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Past Enbridge Data Shows Line 5 Supports and Anchors Were Too Far Apart In Consecutive Years

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A report from Enbridge Energy shows Line 5 supports were too far apart in multiple inspection years.

Enbridge has since decreased the gap between those supports, but could those previous years have an effect on the pipeline?

“The 75 foot distance was certainly created for a reason, I’m not an engineer, but I do know when you create those sorts of distances that’s for safety,” says Freshwater Future Executive Director Jill Ryan.

Years of underwater inspection data by Enbridge Energy, shows hundreds of instances where sections between pipeline supports spanned longer than 75 feet.

A potential violation of the easement agreement between Enbridge and the State.

“If the company knew that, which they did if they put it in the report, then they weren’t following the easement for this lease,” added Jill.

Freshwater future says the pipes are under constant pressure from underwater currents, a distance exceeding 75 feet between those supports, could be a safety concern.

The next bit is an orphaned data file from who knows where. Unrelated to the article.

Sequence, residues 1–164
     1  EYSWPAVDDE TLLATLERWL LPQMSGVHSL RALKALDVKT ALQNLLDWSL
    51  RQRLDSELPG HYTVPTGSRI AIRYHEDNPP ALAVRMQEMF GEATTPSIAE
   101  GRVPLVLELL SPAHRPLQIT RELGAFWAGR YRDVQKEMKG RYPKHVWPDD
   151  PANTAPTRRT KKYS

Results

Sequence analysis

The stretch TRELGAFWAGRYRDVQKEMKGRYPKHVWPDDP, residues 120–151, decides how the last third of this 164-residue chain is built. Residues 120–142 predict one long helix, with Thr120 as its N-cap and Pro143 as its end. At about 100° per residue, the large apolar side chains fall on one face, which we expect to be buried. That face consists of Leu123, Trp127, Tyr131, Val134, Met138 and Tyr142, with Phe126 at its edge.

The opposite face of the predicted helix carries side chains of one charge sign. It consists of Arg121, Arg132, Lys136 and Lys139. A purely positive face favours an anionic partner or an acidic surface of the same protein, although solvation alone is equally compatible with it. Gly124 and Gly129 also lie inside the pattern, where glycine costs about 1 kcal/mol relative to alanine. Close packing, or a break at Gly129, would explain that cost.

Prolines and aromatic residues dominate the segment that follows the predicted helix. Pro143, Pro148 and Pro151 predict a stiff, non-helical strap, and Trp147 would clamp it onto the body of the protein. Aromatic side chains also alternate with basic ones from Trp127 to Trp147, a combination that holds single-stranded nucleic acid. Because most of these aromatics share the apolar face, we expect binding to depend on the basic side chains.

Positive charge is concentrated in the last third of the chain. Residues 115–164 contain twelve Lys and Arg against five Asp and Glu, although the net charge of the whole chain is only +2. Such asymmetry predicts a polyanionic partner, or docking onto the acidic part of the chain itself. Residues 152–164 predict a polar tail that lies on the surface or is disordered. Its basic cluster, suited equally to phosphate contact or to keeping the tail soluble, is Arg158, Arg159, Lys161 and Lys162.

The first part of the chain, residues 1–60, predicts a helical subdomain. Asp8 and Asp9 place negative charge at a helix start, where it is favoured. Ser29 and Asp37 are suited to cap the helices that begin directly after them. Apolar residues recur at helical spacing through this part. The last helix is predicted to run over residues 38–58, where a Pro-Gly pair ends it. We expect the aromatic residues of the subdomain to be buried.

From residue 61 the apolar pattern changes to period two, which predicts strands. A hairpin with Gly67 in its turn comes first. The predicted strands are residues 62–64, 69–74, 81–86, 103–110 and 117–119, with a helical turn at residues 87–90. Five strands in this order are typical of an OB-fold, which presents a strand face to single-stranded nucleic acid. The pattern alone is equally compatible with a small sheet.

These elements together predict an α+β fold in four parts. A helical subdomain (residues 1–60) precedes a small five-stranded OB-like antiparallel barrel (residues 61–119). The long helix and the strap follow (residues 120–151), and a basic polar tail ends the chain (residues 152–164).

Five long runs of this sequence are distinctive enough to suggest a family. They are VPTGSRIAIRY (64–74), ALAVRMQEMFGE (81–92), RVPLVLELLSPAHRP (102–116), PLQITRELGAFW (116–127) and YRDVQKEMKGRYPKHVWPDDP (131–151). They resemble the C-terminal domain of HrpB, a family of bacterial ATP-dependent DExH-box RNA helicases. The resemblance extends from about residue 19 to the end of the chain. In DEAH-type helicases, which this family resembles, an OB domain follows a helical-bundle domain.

“When you’re talking a couple hundred feet of distance that thing may start swaying under there as the waves or the currents move and that is of grave concern,” explained Jill.

Enbridge issued the following statement in regards to the data.

“Data from our inspections of Line 5 shows that the longer span lengths did not affect the integrity of the twin pipelines. Currently all spans along Line 5 in the Straits are in full compliance with our easement agreement with the State."  

Data recorded in 2016 shows all span lengths are now under 75 feet, supporting Enbridge’s claims.

But, Jill and others fear that the past has already taken its toll.

“Once you let things go for a longer period of time then you don’t know what happened down there all that time, you could really get the current potentially weakening that pipe,” says Jill.